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U.S. birth rate slips to lowest level in 32 years

New York Daily News logo New York Daily News 5/15/2019 Tim Balk

Pity Pampers.

The American baby bust entered its fourth straight year in 2018 as the birth rate sunk to its lowest level in more than three decades, according to provisional data published Wednesday by the National Center for Health Statistics.

“Record lows for teens, record lows for women in their 20s, record lows for the general fertility rate, record lows for the total fertility rate — these are certainly quite striking results,” Brady Hamilton, the lead author of the report, said by phone.

The total birth rate slipped 2%.

The fertility rate, which measures the expected number of babies for a woman of childbearing age, also sunk 2%, to its lowest rate ever. The fertility rate came out to 1.73 births per woman.

The largest drops came in younger age groups, with older age groups seeing modest increases from 2017.

The fertility rate “was again below replacement — the level at which a given generation can exactly replace itself. ...The rate has generally been below replacement since 1971 and consistently below replacement for the last decade,” the report said.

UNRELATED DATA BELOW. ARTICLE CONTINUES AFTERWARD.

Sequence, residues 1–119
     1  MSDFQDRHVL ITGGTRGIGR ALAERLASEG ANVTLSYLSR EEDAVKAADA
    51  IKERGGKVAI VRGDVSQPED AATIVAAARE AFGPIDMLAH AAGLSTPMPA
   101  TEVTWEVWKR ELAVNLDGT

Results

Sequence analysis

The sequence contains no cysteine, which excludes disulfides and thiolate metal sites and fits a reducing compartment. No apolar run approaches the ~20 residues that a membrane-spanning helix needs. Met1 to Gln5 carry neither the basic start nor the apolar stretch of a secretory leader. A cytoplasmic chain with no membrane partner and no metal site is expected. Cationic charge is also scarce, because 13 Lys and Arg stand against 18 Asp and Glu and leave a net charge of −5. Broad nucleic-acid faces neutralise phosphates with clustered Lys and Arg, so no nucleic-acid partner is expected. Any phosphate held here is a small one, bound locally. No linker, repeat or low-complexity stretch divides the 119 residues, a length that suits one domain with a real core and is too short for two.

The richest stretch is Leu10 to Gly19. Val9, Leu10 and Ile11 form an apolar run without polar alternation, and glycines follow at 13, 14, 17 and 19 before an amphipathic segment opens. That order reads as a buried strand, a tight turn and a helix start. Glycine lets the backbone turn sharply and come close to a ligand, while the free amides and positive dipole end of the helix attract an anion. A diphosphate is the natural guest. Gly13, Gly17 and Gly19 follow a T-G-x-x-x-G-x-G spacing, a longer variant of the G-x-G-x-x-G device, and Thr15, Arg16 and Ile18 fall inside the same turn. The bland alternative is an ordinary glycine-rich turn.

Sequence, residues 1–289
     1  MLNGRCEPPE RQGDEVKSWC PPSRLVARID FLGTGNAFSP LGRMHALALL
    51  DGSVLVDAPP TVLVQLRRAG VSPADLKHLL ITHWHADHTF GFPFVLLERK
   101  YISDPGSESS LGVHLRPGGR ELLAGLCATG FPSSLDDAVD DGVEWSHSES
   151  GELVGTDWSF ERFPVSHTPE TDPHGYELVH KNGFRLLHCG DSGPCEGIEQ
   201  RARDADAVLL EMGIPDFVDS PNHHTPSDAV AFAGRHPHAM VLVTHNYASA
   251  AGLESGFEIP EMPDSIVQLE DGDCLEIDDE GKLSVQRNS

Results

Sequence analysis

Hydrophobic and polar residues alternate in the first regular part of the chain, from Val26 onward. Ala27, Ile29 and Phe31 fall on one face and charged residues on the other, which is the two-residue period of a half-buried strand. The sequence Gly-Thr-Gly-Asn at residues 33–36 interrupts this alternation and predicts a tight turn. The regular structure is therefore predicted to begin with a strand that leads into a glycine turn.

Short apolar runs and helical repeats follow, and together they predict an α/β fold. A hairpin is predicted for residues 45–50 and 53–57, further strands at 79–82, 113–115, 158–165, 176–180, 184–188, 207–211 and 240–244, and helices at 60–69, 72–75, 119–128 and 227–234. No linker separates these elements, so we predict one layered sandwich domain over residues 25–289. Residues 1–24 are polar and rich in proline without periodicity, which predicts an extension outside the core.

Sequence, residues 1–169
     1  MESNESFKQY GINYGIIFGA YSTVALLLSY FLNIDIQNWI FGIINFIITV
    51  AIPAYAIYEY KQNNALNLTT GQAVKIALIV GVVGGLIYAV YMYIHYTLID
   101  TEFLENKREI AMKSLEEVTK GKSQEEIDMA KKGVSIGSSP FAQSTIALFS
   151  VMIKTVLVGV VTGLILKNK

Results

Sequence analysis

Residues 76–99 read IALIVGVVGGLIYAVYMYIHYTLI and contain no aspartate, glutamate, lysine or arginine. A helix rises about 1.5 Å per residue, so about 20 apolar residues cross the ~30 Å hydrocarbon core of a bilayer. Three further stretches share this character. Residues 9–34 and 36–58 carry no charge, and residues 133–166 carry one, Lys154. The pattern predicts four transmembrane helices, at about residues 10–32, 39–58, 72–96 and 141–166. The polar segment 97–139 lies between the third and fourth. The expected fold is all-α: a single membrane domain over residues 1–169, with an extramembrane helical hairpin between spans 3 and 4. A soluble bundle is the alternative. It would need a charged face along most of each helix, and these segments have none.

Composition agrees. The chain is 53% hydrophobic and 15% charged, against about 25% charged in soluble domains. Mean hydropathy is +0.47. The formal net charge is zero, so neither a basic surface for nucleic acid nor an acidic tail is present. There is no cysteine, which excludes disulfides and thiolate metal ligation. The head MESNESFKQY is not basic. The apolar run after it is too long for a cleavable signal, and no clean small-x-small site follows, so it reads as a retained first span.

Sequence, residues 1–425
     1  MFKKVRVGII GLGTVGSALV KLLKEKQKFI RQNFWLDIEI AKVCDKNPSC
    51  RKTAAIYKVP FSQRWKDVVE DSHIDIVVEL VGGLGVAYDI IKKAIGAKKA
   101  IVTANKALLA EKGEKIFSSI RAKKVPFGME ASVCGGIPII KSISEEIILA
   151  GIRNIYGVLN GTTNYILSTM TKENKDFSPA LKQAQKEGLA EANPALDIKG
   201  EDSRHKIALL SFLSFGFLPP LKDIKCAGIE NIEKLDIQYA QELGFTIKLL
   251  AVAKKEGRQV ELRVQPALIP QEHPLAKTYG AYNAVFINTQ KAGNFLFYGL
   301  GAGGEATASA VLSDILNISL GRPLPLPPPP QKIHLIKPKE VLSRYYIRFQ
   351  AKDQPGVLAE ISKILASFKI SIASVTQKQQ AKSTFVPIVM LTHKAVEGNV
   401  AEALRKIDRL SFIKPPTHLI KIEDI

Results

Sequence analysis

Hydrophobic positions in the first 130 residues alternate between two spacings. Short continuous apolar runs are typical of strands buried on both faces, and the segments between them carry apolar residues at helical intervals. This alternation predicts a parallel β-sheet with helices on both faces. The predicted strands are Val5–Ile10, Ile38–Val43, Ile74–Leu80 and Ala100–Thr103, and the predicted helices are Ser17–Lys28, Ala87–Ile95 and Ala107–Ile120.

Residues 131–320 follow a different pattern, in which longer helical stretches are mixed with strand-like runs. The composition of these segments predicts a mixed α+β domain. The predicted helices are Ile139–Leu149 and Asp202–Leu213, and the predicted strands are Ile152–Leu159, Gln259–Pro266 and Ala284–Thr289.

Birth rates dropped for almost ever age group below age 35.

But the report also had “welcome news,” Hamilton said.

The birth rate for ages 15 to 19 declined 7%. Since 2007, the rate for that age group has dropped by almost 60%. And the report also found a decrease in caesarean births.

Women between ages 35 and 44 saw a slight uptick in childbirths for the year. The birth rate for the oldest age group in the provisional report, 40 to 44, ascended to almost 12 births per 1,000 women, a 2% bump.

Ages in the early 30s were the most popular time for women to have children. Almost one in ten women between ages 30 and 34 introduced a baby to the world.

Women between ages 25 and 29 were close behind, averaging 95.2 births per 1,000 women.

All told, the birth rate has not been so low since 1986.

Victoria Jennings, the director of the Institute for Reproductive Health at Georgetown University, told the Daily News that the statistics aren’t particularly surprising given current social conditions, pointing to social norms, widespread access to contraception and a lack of access to day care.

“There are all sorts of disincentives for having children and many incentives for not,” Jennings said. “If you have your first child at 38, you’re unlikely to have five."

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